The student will study the relationship between the topology and behaviour of networks in the context of adaptation through learning. He/she will focus on random random recurrent network models (e.g., liquid state machines, random population networks) that are augmented with learning. In SORN, unsupervised learning (intrinsic plasticity and STDP) was used to adapt random networks of binary threshold neurons to specific input patterns. Later, this was augmented with reward modulation to achieve supervised learning. Although the authors study activity patterns in the resulting networks, the focus of these works is mainly on the performance of these networks for, e.g., performing tasks.
The student will study how the local topology and local neural adaptation mechanisms in biological networks (e.g., threshold adaptation, intrinsic plasticity) affect the global network behaviour and the efficiency with which the network can be optimised (learn) to perform the desired behaviour. For this purpose, he/she will develop models to quantify and compare the behaviour and information processing in networks with local unsupervised (IP and STDP) and supervised (reward modulation) learning. These will then be used to study the sensitivity of network evolution during learning to parameters of the learning rules. In view of developing future biologically inspired computing algorithms and systems, he/she will also evaluate how such mechanisms can be efficiently implemented in analog or digital hardware.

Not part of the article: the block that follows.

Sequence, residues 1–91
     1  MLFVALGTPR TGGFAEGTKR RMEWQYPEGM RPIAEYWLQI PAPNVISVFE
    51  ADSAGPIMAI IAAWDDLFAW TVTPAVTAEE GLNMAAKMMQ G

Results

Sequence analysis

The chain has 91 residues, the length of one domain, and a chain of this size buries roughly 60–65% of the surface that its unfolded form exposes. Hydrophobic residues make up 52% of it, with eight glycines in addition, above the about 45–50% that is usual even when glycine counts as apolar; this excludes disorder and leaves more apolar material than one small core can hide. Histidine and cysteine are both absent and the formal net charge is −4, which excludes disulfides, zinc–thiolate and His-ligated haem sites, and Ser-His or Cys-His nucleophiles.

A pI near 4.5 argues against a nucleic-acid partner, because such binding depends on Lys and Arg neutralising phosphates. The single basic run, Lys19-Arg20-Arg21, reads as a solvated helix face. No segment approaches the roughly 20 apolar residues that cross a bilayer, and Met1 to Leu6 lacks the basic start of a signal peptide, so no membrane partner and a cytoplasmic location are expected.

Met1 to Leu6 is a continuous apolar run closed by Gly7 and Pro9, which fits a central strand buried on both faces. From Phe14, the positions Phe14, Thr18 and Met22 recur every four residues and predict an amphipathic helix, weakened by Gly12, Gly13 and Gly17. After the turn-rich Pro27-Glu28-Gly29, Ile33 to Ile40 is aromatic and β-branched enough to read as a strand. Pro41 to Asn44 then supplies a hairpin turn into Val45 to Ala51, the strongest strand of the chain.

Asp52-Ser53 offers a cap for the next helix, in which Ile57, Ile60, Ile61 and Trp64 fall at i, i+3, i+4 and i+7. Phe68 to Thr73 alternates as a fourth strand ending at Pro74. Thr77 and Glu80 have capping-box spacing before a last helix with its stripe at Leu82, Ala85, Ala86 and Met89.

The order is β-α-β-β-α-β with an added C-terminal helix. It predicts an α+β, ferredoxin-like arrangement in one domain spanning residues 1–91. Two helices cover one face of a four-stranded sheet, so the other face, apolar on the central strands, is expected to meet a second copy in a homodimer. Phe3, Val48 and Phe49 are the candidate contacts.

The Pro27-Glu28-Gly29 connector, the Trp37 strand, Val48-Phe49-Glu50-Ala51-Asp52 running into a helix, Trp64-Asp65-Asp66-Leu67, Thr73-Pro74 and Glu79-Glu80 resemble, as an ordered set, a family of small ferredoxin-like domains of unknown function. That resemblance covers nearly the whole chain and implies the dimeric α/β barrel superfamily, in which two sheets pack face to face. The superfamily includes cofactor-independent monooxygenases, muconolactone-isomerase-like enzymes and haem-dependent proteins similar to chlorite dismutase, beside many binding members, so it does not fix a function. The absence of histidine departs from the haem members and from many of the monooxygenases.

More information: https://www.ugent.be/en/work/vacancies/scientific/phd-student-lo8js
Maass, W. et al. (2002). Neural Comput. 14, 2531–2560.
Lazar, A. et al. (2009). Frontiers in Comput. Neuroscience. DOI: 10.3389/neuro.10.023.2009
Witali, A. et al. (2015). Frontiers in Comput. Neuroscience. DOI: 10.3389/fncom.2015.00036
1. Model-based quantification of the evolution of network behaviour and information processing during learning.
2. Model how learning rules and learning rule parameters affect the resulting network behaviour, information processing and supervised learning efficiency.
3. Evaluation of efficiency with which learning rules can be implemented in hardware.
1. IMBB, FORTH, Panayiota Poirazi, M15-18: learning and adaptation in biological networks.
2. Easics, M25-M27, Ramses Valvekens: hardware implementation for embedded learning.
Enrolment in Doctoral degree(s): You will be enrolled at Ghent University PhD programme